Athletic competition can be an exciting, fun, and healthy challenge for young athletes. At times, it can also be stressful and cause anxiety prior to and during an athletic event. During these times it is especially important for an athlete to remain centered and focused. One simple way to keep your cool is to take one deep breath.
While a certain level of stress and adrenaline is necessary to strive to compete at your best level, too much stress can have negative consequences, which include:
• viewing competition as threatening, as opposed to a challenge,
• monopolizing your mental energy, which could otherwise be used to focus on the task at hand,
• and damaging your self-confidence and attention span, contributing to negative thought patterns, and interrupting flow.
There are a variety of reasons why a particular athletic event can cause stress and anxiety for youth. Perhaps this particular event is an opportunity to showcase their athletic skills for a college scout, or maybe the audience is larger than normal. Possibly they've been receiving extra pressure to perform well from their coach or parents. Whatever the reason, the simple act of breathing deeply - and focusing on the breathing - can bring them back to base.
In my book Mental Training for Peak Performance, I go into further detail about the benefits of deep breathing as well as the negative consequences of poor breathing techniques. I also highlight a method advocated by the late Dorothy Harris, Ph.D., who was a professor of psychology at Pennsylvania State University. I've listed the method's steps below.
• Step 1 Imagine that your lungs have three parts: a lower, middle and upper section. Now close your eyes and imagine that you are just going to fill up the bottom, or lower, third of your lungs as you breathe in. Do this by imagining that you are pushing out your diaphragm, stretching it to its max, and then opening up your abdomen.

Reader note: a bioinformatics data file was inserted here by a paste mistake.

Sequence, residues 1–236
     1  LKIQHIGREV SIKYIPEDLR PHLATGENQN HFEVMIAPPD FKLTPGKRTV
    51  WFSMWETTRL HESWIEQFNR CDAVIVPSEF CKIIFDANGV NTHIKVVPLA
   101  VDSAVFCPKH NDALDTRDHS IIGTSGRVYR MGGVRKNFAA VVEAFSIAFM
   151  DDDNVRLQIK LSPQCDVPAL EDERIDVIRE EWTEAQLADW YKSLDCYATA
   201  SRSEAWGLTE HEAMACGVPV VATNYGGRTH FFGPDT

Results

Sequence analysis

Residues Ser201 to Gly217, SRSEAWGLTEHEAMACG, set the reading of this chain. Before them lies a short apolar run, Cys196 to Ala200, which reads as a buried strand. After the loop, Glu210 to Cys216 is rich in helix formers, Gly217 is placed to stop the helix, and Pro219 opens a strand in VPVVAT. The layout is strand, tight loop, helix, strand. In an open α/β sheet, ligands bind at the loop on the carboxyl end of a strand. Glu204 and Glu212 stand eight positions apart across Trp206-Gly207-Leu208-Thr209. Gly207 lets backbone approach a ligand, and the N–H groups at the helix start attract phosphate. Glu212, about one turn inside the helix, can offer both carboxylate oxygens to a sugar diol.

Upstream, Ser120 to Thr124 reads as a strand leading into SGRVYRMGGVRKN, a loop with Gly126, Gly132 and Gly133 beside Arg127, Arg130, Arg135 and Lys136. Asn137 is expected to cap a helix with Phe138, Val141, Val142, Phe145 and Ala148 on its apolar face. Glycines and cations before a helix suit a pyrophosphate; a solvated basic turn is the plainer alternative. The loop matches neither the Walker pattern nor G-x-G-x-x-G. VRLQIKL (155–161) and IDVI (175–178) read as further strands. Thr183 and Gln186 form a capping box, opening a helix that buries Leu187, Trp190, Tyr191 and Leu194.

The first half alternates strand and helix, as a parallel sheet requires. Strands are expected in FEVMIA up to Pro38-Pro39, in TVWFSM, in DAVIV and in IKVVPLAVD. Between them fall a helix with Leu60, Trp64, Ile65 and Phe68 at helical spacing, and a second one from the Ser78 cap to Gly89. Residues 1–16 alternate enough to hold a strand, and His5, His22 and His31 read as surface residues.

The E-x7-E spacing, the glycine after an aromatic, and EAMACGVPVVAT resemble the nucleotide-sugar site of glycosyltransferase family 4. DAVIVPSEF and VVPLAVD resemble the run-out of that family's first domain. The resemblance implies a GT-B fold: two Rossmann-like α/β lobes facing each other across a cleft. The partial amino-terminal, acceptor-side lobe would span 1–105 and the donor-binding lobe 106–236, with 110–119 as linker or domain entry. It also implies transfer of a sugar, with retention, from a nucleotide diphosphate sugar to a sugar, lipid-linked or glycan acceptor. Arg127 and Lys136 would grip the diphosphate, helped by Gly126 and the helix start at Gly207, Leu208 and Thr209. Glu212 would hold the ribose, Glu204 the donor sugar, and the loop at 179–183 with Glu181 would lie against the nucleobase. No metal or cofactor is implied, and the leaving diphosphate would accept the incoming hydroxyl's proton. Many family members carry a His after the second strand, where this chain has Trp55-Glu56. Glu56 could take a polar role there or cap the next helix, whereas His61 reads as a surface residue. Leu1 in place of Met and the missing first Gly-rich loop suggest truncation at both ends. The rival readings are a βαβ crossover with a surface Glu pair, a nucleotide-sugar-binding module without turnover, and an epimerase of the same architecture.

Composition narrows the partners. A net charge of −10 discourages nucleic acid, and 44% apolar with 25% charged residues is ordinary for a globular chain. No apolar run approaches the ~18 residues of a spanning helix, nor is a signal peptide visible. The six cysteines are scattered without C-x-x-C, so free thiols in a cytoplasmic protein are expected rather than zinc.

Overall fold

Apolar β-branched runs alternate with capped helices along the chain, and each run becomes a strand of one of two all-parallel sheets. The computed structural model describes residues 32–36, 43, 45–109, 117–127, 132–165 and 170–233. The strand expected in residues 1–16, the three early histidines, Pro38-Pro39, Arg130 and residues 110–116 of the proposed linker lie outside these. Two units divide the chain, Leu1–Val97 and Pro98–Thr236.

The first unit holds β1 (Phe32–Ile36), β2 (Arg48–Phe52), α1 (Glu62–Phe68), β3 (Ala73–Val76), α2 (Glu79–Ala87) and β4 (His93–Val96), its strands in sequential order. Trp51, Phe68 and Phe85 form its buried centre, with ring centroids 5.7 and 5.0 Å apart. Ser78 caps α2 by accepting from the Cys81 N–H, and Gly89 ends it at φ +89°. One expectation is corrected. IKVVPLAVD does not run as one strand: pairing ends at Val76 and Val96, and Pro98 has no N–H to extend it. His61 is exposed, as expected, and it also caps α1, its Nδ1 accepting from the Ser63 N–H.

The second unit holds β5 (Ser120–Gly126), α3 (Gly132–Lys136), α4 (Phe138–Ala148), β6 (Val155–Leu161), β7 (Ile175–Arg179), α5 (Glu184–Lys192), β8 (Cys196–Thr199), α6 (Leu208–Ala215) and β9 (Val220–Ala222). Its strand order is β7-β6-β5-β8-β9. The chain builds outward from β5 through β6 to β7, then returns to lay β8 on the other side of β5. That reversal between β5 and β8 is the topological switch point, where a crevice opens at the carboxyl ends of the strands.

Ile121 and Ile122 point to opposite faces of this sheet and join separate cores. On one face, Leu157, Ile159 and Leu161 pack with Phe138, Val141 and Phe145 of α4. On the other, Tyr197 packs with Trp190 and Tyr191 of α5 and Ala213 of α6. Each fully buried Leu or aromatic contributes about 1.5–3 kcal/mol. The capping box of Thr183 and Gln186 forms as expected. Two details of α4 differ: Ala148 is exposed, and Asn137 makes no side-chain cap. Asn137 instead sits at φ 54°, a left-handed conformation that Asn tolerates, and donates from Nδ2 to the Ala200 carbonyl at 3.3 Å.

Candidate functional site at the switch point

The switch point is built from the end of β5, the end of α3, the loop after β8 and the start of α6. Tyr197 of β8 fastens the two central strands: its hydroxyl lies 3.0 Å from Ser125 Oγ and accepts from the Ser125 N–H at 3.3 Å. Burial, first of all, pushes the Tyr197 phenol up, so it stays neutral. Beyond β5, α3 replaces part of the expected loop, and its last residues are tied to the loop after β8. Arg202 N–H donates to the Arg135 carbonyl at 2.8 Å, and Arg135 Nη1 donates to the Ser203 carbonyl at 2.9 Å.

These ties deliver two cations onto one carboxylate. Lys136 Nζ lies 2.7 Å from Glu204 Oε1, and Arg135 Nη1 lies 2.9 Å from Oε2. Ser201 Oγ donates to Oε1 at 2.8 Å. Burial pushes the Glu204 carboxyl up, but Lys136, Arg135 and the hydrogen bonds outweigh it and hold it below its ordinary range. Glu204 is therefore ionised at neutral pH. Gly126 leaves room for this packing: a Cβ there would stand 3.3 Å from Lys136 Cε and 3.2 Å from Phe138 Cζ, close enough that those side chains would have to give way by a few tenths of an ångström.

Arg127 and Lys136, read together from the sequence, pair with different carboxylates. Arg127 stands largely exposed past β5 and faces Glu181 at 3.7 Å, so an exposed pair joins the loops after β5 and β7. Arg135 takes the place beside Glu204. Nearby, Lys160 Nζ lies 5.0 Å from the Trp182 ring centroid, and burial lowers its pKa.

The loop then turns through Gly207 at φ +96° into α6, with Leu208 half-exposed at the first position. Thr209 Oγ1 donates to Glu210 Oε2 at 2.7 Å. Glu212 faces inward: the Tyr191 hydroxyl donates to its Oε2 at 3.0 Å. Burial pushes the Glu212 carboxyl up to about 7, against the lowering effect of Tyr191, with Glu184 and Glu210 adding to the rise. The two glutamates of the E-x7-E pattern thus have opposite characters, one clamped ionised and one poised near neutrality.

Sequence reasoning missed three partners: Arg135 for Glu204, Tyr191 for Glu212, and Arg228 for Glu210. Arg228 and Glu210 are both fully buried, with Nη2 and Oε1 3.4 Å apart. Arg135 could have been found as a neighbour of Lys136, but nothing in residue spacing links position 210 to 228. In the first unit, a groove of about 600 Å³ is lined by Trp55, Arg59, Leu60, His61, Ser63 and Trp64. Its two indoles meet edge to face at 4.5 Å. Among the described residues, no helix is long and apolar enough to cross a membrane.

• Step 2 Next, imagine filling the second third of your lung cavity. Do this by expanding your chest cavity and raising your rib cage and chest to their maximum capacity.
• Step 3 Finally, fill the last sector of your lungs by raising your chest and shoulders.
Do all three stages over and over again with a soft, smooth motion - don't force it. Each time you exhale, remind yourself to pull in your abdominal wall so that all the air is removed from your lungs. And at the end of the exhalation, don't forget to say good-bye to all muscular tension so you feel totally relaxed.
Taking time out to breathe deeply, or even just taking one deep breath, is a good practice that can reward us in life, even outside of sports. I hope you will follow the three steps I've outlined next time you find yourself in a stressful situation, be it an athletic event or something in your everyday life.